Monday, November 11, 1974

Cedar Rapids Gazette

Location: Cedar Rapids, Iowa

Page: 10

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Text Content of Page 10 of Cedar Rapids Gazette on Monday, November 11, 1974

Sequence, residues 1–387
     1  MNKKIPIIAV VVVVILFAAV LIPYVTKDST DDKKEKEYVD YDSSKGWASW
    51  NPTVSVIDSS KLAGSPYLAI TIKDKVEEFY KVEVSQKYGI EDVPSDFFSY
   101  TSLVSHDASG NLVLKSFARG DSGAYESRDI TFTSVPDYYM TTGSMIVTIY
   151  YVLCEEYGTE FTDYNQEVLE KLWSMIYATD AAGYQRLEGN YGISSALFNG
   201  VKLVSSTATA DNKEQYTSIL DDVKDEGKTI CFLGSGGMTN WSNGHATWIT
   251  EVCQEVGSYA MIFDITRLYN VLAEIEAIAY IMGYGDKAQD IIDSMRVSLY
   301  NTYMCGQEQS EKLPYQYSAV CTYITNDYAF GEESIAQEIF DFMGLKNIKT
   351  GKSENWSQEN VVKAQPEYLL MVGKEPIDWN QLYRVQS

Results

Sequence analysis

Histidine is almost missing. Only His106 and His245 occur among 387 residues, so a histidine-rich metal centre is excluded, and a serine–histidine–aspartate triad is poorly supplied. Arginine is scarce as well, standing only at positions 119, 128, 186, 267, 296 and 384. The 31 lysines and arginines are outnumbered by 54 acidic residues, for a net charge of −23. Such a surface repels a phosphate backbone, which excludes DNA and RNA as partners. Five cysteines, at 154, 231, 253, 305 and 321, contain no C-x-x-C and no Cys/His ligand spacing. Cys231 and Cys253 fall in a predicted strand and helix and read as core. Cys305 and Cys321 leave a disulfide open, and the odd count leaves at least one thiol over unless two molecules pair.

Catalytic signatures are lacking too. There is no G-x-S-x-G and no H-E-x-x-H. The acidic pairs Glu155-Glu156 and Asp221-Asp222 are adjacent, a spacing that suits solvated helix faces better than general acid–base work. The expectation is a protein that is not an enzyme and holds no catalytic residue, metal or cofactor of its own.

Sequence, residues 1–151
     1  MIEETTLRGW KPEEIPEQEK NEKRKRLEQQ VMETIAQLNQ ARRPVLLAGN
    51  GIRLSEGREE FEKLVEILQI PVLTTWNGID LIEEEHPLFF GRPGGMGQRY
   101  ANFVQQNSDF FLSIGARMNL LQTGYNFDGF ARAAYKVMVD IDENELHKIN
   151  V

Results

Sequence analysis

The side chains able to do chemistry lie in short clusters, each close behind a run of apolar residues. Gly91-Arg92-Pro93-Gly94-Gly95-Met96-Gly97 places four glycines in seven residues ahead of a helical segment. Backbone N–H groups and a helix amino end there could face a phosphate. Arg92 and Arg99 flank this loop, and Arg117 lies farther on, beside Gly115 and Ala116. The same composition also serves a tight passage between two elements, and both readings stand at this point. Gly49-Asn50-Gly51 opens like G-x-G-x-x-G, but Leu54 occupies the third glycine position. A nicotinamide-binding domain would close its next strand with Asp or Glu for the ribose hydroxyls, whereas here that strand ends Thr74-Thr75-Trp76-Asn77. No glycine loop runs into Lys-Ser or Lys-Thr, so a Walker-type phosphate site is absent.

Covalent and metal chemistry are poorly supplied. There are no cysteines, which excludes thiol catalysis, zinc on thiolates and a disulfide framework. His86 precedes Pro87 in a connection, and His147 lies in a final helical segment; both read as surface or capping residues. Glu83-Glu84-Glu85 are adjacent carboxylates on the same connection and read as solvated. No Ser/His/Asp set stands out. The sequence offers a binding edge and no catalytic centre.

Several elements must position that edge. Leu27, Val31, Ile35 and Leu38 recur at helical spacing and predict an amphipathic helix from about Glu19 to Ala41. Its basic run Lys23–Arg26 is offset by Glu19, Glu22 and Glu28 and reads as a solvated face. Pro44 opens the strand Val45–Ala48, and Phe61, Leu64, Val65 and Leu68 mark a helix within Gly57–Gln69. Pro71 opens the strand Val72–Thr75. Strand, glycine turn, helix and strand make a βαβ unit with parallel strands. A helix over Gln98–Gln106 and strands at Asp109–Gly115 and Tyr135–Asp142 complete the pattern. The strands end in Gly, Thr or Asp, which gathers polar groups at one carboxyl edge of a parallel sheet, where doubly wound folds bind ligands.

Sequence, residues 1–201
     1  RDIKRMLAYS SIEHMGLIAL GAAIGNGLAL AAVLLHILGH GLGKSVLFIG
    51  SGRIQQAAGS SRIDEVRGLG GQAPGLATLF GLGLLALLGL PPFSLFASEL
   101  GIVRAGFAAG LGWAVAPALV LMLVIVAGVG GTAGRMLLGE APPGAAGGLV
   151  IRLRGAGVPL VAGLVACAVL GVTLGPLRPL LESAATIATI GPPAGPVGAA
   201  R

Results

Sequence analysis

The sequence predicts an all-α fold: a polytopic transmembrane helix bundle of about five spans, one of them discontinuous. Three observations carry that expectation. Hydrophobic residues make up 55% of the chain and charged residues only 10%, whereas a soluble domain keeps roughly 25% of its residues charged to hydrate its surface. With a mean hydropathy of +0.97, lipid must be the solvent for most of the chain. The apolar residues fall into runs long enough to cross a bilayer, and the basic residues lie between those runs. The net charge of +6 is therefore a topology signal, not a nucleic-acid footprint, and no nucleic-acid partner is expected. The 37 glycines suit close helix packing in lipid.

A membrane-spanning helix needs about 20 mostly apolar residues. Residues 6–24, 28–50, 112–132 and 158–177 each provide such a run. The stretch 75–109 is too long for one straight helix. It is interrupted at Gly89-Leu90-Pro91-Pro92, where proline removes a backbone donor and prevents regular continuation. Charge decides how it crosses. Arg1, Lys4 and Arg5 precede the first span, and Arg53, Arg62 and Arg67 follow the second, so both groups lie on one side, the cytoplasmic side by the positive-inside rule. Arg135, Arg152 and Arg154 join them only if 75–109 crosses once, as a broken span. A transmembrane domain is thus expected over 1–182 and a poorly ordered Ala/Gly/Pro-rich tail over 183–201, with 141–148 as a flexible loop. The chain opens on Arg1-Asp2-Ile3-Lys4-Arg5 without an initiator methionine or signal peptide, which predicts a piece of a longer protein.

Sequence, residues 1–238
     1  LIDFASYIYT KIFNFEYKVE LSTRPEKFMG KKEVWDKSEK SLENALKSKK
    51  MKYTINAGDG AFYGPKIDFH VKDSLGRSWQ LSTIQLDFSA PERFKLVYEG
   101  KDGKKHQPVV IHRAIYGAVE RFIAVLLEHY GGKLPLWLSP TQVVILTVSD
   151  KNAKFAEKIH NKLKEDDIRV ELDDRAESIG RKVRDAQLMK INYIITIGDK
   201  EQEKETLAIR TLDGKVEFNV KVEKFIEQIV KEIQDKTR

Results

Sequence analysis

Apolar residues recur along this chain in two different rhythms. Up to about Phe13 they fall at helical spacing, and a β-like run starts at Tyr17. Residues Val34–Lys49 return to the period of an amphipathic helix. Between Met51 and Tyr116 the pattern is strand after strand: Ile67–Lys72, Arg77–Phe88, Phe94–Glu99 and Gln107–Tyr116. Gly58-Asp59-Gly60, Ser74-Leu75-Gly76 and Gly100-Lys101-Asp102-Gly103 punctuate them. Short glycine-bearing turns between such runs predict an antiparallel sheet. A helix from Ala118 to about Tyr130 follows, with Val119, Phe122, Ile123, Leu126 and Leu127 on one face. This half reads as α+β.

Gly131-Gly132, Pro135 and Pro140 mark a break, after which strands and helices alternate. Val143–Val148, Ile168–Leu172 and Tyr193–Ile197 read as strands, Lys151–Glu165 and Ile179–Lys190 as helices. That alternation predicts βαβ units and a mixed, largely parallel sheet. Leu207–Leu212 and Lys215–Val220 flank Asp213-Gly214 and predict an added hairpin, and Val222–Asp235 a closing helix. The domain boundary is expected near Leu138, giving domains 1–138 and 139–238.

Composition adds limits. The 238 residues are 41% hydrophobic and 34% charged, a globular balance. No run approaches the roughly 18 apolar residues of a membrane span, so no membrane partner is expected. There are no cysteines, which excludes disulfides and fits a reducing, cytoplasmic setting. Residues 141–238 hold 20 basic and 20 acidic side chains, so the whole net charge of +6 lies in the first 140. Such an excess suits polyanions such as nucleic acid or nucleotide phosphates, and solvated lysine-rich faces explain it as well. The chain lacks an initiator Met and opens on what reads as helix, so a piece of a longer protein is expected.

Cedar Rapids Gazette (Newspaper) - November 11, 1974, Cedar Rapids, Iowa mr - -    .V/ •V 4 4' 9 'fwwxt /* VH- t yr’ 1 v W '«*IBE ,; p*    .W.     1    .; I Veterans Hospital Updates Facilities The Cedar Rapids Gazette: Mon., Nov. II, IS74 By Elrnora J. Robey WAUKON — While experts hired by the city are making a feasibility study to evaluate tho community’s financial ability to provide additional hospital facilities, Veterans Memorial hospital here continues the updating and expanding that began almost as soon as it opened in 1951 Even the environment has come in for improvement: the city recently laid new pavement on the streets around the hospital and even bought a strip of land to widen a street that gives access to the area. Now a temporary 28 by 40-building is being completed just east of the 44-bed hospital. It will house the administrator’s office, medical records, and the in-service training department. In addition, laboratory workers are moving into quarters that will triple the space for this department. Micro-Biology According to Administrator Doug Peterson, the new steel cabinets for the lab cost over $7,000 and the new equipment approximately $15,000 The room, which is next door to the original lab, formerly was used by the purchasing department. laboratory Technician .lac Suk Kim explained the original lab will be used for microbiology, while the new part houses chemistry , hematology and other equipment. The lab has two full-time and two part-time workers and a high school trainee. Him came to Waukon from Baltimore this summer, having heard about the position from surgeon Hie Yun Lee, who knew him when they were both working in Des Moines three years ago, Dr. Lee at the Veterans’ hospital and Kim at Lutheran Another improvement was inaugurated this fall, a radio paging system.    Effective within an eight-mile range, it will keep the hospital in touch with the pharmacist, anaesthetist, x-ray and lab technicians, and the surgeon and physician who are on call. An Example There is some evidence of crowding and adjusting to less than ideal situations in many areas. The purchasing department is an example. To reach it, one walks down a ramp into a sub-bsement formerly used to store Civil Defense materials and crated supplies. (The morgue is also in one end ) The hospital turned the CD supplies over to the county and altered its storage policy. “Everything is now kept on shelves,” explained Peterson. “We had to invest rather heavily in adjustible steel shelving in order to do it and change our buying procedures.” The area is, however, now being used floor to ceiling, and everything is visible. Floor-to-ceiling storage is the rule for X-ray records, too. In that department the width of the aisle would seem to discourage any worker from putting on excess weight. New Machine A new portable X-ray machine costing about $10.(MKI was recently purchased According to the 1970 professional survey made of the hospital and current statements of Peterson, Dr Lee, and Dr. Louis Bray, of the medical staff, the main X ray machine needs to be replaced for best diagnostic purposes. The surgeon did, however, assemble a team of 12 in that small room to implant a pacemaker for a 78-year-old man who didn’t want to go elsewhere. The procedure requires X-ray monitoring. Patient accommodations are at a minimum on this first floor, which also houses the widely-used physical therapy department and a room that is used on Fridays by a podiatrist and every day by the in-service training department and other groups. Though the situation is not normal now, since moving all these departments and getting ready to move into the new building puts crated furnishings and supplies in the corridor, walking through first floor at night, one can imagine how the area looks when everything is operating at full capacity Privacy Needed Privacy is lacking, since the corridor functions as a waiting room and sometimes a patient has to cross it to a restroom. Even within a department there may Im* a problem The cardiac stress machine, for example, is in the physical therapy room, which is often crowded with patients on the various beds and apparatus In 1951, patients expected to be able to reach their doctors after office hours — and did Though doctors are still called at their homes, if someone wants to be sure of getting something more than a recording at the other end of the line, he goes to the emergency room. The 1970 study showed only ll percent of the patients going to emergency were genuine emergencies. The others would have to be classified as outpatients. To accommodate these, the medical staff of Veterans Memorial hospital — five Waukon doctors and one from Lansing — have made arrangements with four Rochester doctors, who take turns in coming to Waukon lo bt* on duty at the hospital from noon Saturday until 8 a.rn Monday. Mayo Trainees These* are fully-licensed doctors who are taking spe- Six Iowa Road Deaths By The Associated Press Six persons, two of them from Cedar Rapids, died on . Iowa roadways over the weekend, and an accident in Illinois proved fatal to an Iowa man Mark Rader, 19, of Cedar Rapids, died early Sunday when struck by a car that failed to stop outside Rader’s Cedar Rapids home. Arrested later and charged with O’Neill Drama Shown At Cornell College MT VERNON - “Long Day’s .Journey Into Night”, an autobiographical drama by Eugene O’Neill, will be presented at Cornell college Friday and Saturday and again Nov. 22 and 23. Curtain time will oe 7:30 pm. in Armstrong theater. Admission is $1.50 for the general public. Advance reservations may be made at The Commons, and tickets will also be on sale at the door. The cast include Michael Huber, Barbara Austin. Brian Weart, Dale Grate, Martha Sloca and Debbie Last. “bing Day’s Journey Into Night” is directed by Joseph Svec, chairman of the Cornell theater and speech department. Stage manager is Nancy Niemann. manslaughter in connection with the incident was Michael Johnson, 25, also of Cedar Rapids. Ile was held under $25,(MMI bond in the Linn county jail. Craig Fontana, 17, of Cedar Rapids died Saturday when the car he was driving collided with another at the intersection of two Benton county roads. His brother, Tim, 14, was hospitalized with injuries from the same accident. The driver of the other car, Jerry Clair, 22, Cedar Rapids, was charged with failure to yield right-of-way. He and two passengers escaped injury. An Indiana couple and a resident of Armstrong were CARPENTERS SUB-CONTRACTORS with 2 or 3 mon crew to frame single dwelling and multi-level homes in your area for a nationwide home builder. Immediate employment. Good compensation package with pay out upon completion of rough erection. For mort information, call Construction Department. 612-721-6792 CAPP HOMES Minneapolis, Minnesota ting down a bit on air conditioning and heating repairing leaky hot-water faucets "WE’RE ON THE ENERGY TEAM!” In school I learned we need to save energy, so I keep reminding Mom and Dad lo turn off the lights ' Families throughout America can conserve energy by having oil bin ners adjusted insulating their houses, thereby saving fuel cut- J* ,D I rn working on new ways to produce energy And my com party is drilling hundreds more oil wells this year than last America s oil companies are helping develop other energy sources too like oil from shale, gas from coal and safe nuclear power In a couple of -years oil companies will be refining a lot more products But theres still a big job to do let s keep working together Iowa Petroleum Council 1012 Fleming Building Des Moines, Iowa 50309 eiaiized training at the Mayo clinic. People see them on a patient-doctor basis, but, according to Peterson, the hospital does I hi* bookwork for the doctors. One of tin- more unusual services performed for outpatients were the spring preventive medicine clinics in 1972 and 1973. in each,KHI senior citizens were given complete cheek ups virtually free. From the beginning, a walking blood bank was maintained This year the hospital became affiliated with the Red Cross, and 137 came to donate when the bloodmobile made its first visit. In addition, a hospital auxiliary performs a variety of tasks for patients and hospital. Possibly the most obvious change affecting the hospital was the 1981 expansion of the building itself. The original building was built by a city bond issue, a fund drive, and Hiil-Burton funds. In 1981, further donations and a bond issue increased the length of the three-story building to make it about 45 by 180 feet with a one-story waiting rooni-administration wing. LAFF - A - DAY !| i lily r — U* Six Long-Dead Persons Sued in Black Hawk Pro-Life Speaker Predicts Hearings to Halt Abortions WATERLOO (AP) - The 94th congress “will accelerate hearings” on a human rights amendment which would prohibit abortions and mercy killing, the Iowans for Life convention was told Saturday. Kenneth Van Derhoef, a Seattle attorney and president of the national Right to Life organization, told several hundred delegates to the second annual meeting that he hopes hearings on the amendment will begin in the U S. house of representatives early next year. Van Derhoef forecast eventual passage of the amendment, which then would require ratification by two-thirds of the state legislatures. The euthanasia question involves the same value judgments concerning the sanctity of life “as we address in the abortion question,” Van Derhoef said “It is more complex in that it deals with the total ethical and moral judgment of the life question, not just in its beginning, but in its total duration ” Erma Craven, a social worker in Minneapolis, Minn., and a member of the women’s advisory committee of the Minnesota department of human rights, attacked the “expanding callousness toward human life. . . There must Ik* more humane solutions than ruthless destruction of human life.” Mrs Craven added that “abortion is not the only prolife issue. You must concern yourself with strengthening the family structure.” “How can 4 out of 5 doctors recommend something that 99 out of IOO can't even pronounce?” Tama Council Restricts Use Of City's Jail TAMA — The Tama city council has decided the Tama city jail will be used in the future only for the prisoners who are arrested by Tama city police officers. Any others will not Ik* processed at the Tama police station or held in the city jail. The Tama jail has been used for holding prisoners overnight or for a shorter period of time until they were processed, appeared in a court or moved to another jail. No meal service has ever been provided. Tama Mayor James Sorensen and the city council members plan to recommend to the Tama county board of supervisors that it provide a place for processing and holding prisoners arrested outside the city. Since the state closed the Tama county jail in Toledo in June, 197(1, ail of Tama county’s prisoners have been kept in the Marshall county jail, Marshalltown, at Tama county’s expense. WATERLOO    (AP)—Six long-dead persons and an unknown number of unknown persons are being sued by Black Hawk county. The deceased—Ira B. Thomas, Jacob Koch, Abram Turner, William Shelback, William B. Bowers and George Irving —all were named as defenders in the action to obtain title to a cemetery in southeast Waterloo. The property was deeded to the six in 1858 by John R. and Cinthia Romak, apparently with the intention that the acre become a private burial ground. The last known Interment in the cemetery was in 1920, said Asst. Black Hawk County Atty. Robert Braun of Water 1(H) He said maintenance of the property has been performed for many years by township trustees. Braun said that county officials consider it a county responsibility to take over the cemetery. Listed with the six named deceased persons as defenders are “all unknown claimants and all persons unknown claiming any right, title or interest’’ in the cemetery. r I Franks kraut ** T *»r «afri iiifci ii rA*. ; Put on the dog. J With short-order. long-on-flavor “Reuben Joes. (Makes 7-10 servings) I lb. Frank’s Quality Kraut. I envelope Sloppy Joes seasoning mix, I lb. frankfurters with buns, site-J ed Swiss cheese. Combine undrained kraut and seasoning mix in saucepan; bring to boil and simmer 2-3 min. Broil frankfurters. Har e large kraut spoonful on each roll, add frankfurter and half slice cheese, Broil ’til cheese melts. J FRANK’S. Doggone good. In cans or jars. Kraut juke. too. killed in a car-truck collision early Saturday on highway 189 south of Bancroft. The victims, all 24 years old. were Steven Sabolchick and his wife. Sherry, of Hobart, Ind., and Lyle Hibben of Armstrong. Driver    of the truck involved was Donald Henry, 45, Rockwell City, who was not injured. Donald Fritz, 2(1, Albert Cit-y, died Saturday of injuries suffered when the    car in which he was riding overturned on highway    ll) two miles east of Marathon. Clarence Klick, 38, Grandview, dic'd Saturday after the truck he was driving struck a bridge IO miles north of New Boston, III. 3 DAY INFLATION BUSTER!! MONDAY. TUESDAY AND WEDNESDAY ONLY NOVEMBER 11.12.13 TOTLAND LAWN ANO GARDEN FARM! SUPPLIES] ANDFIELDl EQUIPMENT SMALL APPUANCES AND iouseware: AND POWER TOOLS PAINT AND Lf CLOTHING FOR THE FAMILY TSC STORES 6622 6th St. S.W. Cedar Rapids, la. OPEN 8 a.m.-9 p.m. MON., TUES., AND WED,